My dad, the gardener

My GardenMy love of plants and watching things grow came from my father. We used to kid him that he was a farmer at heart instead of a salesman. He was both, of course. While he had the sales, he didn’t have the farm at least not much more than an acre of land. But he could utilize every spot of ground. He would tend his peach orchard, the beans and okra and tomatoes he grew with all the love and care of a man feeding thousands instead of a family of five. While he would fill dirt, spread fertilizer, watch out for mealy bugs or some other type of insect, I’d follow him around like a baby chick. I still remember him coming home from work, changing into his old clothes, and then heading out the back door to check on his plants. I can still see his sun-weathered face and the joy there in his eyes whenever he would discover that his peas had finally sprouted–or the cucumbers were growing like weeds–or watching him yank up a fistful of onions out of the ground to go with the tomatoes he’d pulled off the vine.  Nothing would go to waste either. We always had plenty of fresh veggies for salads, side dishes, and sometimes at supper we’d make meals out of the stuff from Dad’s garden, not a single serving of meat in sight.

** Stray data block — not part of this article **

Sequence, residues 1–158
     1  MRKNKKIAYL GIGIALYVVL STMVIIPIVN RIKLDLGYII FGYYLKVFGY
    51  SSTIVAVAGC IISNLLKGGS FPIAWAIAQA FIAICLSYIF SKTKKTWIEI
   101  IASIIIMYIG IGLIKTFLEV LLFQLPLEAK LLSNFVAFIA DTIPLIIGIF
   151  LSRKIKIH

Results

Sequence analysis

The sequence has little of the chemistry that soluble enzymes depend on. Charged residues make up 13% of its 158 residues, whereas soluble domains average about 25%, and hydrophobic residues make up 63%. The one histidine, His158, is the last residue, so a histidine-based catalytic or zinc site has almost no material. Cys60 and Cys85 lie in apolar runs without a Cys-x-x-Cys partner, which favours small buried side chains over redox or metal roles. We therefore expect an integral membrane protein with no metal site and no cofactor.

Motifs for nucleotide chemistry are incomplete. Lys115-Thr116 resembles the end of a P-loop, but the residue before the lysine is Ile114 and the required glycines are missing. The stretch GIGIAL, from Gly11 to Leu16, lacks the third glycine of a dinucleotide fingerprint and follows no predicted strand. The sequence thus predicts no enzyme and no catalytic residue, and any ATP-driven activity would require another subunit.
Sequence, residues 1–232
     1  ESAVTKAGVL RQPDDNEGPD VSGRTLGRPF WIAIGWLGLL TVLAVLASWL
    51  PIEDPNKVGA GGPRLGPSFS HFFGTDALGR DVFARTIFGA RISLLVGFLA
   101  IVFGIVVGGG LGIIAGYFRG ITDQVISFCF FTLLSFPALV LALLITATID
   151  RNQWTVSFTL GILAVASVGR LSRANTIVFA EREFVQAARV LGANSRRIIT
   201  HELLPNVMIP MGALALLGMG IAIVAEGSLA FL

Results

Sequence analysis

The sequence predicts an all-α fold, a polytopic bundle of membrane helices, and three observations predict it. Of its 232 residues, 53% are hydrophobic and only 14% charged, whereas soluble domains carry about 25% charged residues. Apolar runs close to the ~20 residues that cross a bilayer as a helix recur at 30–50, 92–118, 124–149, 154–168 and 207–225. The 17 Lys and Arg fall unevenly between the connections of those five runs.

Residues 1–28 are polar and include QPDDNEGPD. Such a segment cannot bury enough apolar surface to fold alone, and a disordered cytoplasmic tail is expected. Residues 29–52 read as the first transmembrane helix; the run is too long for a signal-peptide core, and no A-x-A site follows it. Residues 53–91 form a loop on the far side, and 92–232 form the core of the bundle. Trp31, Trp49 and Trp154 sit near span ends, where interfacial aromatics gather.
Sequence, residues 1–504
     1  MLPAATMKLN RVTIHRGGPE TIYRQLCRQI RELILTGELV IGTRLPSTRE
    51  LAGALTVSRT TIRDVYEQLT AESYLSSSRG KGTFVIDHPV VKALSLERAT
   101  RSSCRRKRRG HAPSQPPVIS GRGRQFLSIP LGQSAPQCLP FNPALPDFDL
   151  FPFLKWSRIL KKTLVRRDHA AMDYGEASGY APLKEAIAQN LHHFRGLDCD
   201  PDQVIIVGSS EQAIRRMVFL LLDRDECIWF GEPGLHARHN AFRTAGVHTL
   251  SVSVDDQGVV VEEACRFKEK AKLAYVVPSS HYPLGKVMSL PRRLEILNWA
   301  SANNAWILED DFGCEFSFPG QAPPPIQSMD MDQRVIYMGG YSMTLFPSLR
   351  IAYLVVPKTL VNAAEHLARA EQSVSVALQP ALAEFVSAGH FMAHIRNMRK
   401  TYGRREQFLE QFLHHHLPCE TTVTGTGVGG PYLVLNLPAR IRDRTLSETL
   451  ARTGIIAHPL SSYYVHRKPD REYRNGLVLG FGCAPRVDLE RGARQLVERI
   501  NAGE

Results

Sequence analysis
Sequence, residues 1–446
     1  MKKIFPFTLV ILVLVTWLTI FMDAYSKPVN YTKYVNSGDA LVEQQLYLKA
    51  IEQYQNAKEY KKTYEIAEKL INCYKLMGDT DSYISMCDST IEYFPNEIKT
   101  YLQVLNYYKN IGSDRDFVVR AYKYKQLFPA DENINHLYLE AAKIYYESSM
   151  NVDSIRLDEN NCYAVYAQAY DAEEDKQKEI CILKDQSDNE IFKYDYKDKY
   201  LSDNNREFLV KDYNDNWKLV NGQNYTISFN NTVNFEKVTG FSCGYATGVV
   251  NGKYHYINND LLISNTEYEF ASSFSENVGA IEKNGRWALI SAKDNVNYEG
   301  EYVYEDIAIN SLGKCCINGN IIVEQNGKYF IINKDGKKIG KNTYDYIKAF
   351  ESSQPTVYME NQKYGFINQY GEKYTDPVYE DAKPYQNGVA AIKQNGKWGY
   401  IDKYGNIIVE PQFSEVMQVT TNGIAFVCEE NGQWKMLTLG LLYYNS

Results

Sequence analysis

I’m nowhere near as good at putting a seed in the ground though and watching it grow like he did. Now my sister has a green thumb. She can grow…anything. But despite my hit and miss efforts, every time I tend the garden, I think of my Dad. Doesn’t matter what time of year it is, doesn’t matter what I’m trying to grow, nor does it matter if I’m seeing the results I want. Every time I water lettuce or kale, every time I pick a tomato off the vine, I think of him.

So thanks, Dad, As I enjoy the fall weather, thanks for all the great memories we had planting in the spring, picking peaches in the summer, and harvesting the crop of radishes he loved in the fall.

There are memories that stay with us from childhood. Remembering the way my Dad looked standing in the garden is still one of the best ones.

7 thoughts on “My dad, the gardener

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